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dd works on the raw device (or with a single file, which is an image of a divice), it will not really take care about filesystem, files and dirs on that device, tar can only work with files.
What kind of advice do you need?
dd creates partition or drive image (including bootloader, MBR, partition table, MFT, filesystems).
tar creates an archive that consists of files that belongs to filesystem, only files, without partition/drive/filesystem information, bootloader images at MBR.
Using dd you can restore system easily, but your partition layout should be the same as it was at dd image creation time. You shouldn't repartition your drive before restoring system from dd image.
With tar archive you can restore system to any partition that has enough space to fit unpacked filesystem.
However, you have to restore bootloader (if you changed partitions layout or if you restore a system to other drive).
In general using tar is faster than using dd because tar worsk at filesystem level.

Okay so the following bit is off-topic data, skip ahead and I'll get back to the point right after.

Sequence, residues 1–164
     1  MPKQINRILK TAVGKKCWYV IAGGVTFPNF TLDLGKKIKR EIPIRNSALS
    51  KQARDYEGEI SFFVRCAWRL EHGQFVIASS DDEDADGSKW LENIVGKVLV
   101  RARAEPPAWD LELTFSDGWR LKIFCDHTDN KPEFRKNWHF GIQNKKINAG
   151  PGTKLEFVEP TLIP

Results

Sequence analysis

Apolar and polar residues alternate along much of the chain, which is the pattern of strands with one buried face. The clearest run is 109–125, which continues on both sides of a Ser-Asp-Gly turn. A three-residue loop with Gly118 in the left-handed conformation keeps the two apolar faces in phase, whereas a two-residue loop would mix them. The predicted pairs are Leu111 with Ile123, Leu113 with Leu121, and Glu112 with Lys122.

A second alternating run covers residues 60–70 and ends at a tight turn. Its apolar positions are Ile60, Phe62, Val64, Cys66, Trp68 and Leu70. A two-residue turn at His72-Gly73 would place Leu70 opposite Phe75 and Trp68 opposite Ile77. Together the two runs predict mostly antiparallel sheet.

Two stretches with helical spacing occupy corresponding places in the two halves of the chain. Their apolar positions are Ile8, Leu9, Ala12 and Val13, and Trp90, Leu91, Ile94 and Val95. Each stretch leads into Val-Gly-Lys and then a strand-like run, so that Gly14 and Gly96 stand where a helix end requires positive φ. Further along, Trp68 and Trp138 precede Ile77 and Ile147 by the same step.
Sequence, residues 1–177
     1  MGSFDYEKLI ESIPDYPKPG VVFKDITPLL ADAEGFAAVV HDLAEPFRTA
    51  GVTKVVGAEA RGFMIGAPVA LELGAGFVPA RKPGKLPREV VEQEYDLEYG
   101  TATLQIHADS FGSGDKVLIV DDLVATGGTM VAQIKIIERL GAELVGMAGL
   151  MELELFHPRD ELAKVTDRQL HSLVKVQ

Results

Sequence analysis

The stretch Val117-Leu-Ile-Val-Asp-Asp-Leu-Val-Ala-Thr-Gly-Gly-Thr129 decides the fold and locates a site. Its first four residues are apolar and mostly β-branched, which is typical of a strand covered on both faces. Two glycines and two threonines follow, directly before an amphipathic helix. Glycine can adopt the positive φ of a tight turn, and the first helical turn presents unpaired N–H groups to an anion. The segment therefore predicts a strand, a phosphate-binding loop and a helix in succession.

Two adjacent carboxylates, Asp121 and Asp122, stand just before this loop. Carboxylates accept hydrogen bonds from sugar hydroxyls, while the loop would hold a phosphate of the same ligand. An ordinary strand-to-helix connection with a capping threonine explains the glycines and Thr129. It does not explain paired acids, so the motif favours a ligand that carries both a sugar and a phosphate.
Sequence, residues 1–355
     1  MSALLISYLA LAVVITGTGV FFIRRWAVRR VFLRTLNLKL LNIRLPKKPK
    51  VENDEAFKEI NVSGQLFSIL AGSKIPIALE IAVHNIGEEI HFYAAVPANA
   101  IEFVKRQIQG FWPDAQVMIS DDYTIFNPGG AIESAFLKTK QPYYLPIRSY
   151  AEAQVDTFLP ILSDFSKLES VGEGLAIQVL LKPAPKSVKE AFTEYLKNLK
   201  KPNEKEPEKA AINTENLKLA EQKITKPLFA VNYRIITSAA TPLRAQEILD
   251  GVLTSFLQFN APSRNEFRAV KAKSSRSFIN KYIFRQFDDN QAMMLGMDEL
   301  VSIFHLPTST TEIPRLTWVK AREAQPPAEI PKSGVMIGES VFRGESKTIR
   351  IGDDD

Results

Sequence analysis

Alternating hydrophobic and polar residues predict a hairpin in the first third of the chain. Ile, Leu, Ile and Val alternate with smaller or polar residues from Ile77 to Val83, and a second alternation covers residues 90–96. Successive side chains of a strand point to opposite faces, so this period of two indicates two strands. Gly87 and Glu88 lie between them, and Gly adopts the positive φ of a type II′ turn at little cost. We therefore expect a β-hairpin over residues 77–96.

In general tar works faster because it doesn't copy unused blocks or metadata blocks. It only copies data, with file identification (name+permissions+attributes). This makes the archive MUCH smaller than is possible with dd.
The fastest way to "recover" a system is to use PXE with a customized initrd.
The initrd can then create the partitions and filesystems needed, use an NFS mount to access the tar files, and restore the filesystems, reinstall the boot.... and if necessary, reboot/halt the system.
That way all you have to do is issue the pxe boot request.
dd of an entire disk (such as /dev/sda) will copy everything -boot block (if any), partition table, filesystems... everything.
When copied to another disk (same size or larger) everything is copied back exactly the same.
dd of a partition (such as /dev/sda1) will copy everything in /dev/sda1. It will NOT copy the boot block (if any) it will NOT copy the partition table. It WILL copy just the filesystem in /dev/sda1.
This means that before that copy can be restored, the target disk must be partitioned (the same size or larger than the original partition), then the backup can be copied to that partition. If the partition is LARGER than the original, the filesystem must be retuned to set the new larger size (see the manpage/google on growfs, and you may have add that utility to use it) or the filesystem will just not use the larger size.